NEMO is a Science museum in centre of Amsterdam. It is the largest science museum in The Netherlands and attracts over 670 000 visitors annually. There are over 5 floors of hands on science exhibitions which children are encouraged to interact with them to learn more about themselves and the world around them.
The museum is housed in a distinctive green structure at the head of the IJ tunnel which runs underneath Amsterdam. It is a busy, bustling type of museum which engages children and encourages them to get physically involved in science, whether that be through touching lightening, building dams or learning about how rainwater gets into our taps. Read on to find out more about why families should visit NEMO.
1st Floor – Fenomena
The 1st Floor is the Fenomena exhibition where you can learn how science works. It is more like an interactive playground than a museum, packed full of things to touch, play and experiment with. My children loved building a house and learning how light, sound and static electricity works. Each exhibition has a question to initiate their thinking and then a short explanation about the science behind it. It isn’t too wordy and is pitched at the right level for younger children.
2nd Floor – Technium
This is a great floor for younger children. They will love the water play activities where you can grab a bucket and learn how to make clean drinking water by wasting as little as possible. They can also build dams whilst learning about flooding in The Netherlands.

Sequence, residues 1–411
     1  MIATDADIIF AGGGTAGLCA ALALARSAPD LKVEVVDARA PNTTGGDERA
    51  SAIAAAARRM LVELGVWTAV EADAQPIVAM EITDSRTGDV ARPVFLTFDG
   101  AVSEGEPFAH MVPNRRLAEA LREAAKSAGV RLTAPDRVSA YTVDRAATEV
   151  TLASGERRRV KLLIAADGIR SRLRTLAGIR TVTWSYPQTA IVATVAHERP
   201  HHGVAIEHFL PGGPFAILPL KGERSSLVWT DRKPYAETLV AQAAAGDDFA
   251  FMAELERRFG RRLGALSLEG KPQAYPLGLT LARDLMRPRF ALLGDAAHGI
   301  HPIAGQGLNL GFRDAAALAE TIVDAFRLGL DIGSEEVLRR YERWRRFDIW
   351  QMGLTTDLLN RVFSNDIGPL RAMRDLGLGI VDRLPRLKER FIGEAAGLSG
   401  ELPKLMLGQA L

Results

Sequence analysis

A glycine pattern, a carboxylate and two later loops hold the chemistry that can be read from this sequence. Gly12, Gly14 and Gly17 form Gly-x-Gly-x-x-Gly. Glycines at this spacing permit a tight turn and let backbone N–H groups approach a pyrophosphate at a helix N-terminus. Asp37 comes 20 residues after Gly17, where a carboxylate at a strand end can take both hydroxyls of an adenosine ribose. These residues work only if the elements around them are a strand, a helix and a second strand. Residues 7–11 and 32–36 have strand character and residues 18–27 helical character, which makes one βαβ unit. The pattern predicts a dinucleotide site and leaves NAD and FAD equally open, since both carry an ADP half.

The highlight of this floor for my children was the ‘production line’ which children could work on to ensure the efficient picking and packing of online orders. There were touch screens to use to process the orders, and joy sticks to move the orders onto the production line.
There was also a constructor’s area where children can build different shapes.
3rd Floor – Elementa
The 3rd floor at NEMO focuses on how the Cosmos was formed, so it is probably better for older children. However, it is also the home of the NEMO Lab where children (supervised by adults) can conduct their own experiments. Trainee scientists put on their lab coats and safety goggles and choose an experiment to carry out using household items. My boys decided to make a space rocket so we headed to our own workstation in the lab to follow the instructions which had been left for us. The experiment was really easy to do, and my boys were able to do most of it themselves. Each experiment only takes 10 mins so it is perfect for younger children.
5th Floor – Energetica
Energetica is on the roof of NEMO, and lets children learn about wind, water and solar energy through play. There is a water play area and comfortable chairs where parents can relax and admire the views of Amsterdam. The restaurant is on the 5th floor too, and this serves healthy, homecooked food.
NEMO: Need To Know
Learn More – https://www.nemosciencemuseum.nl/en/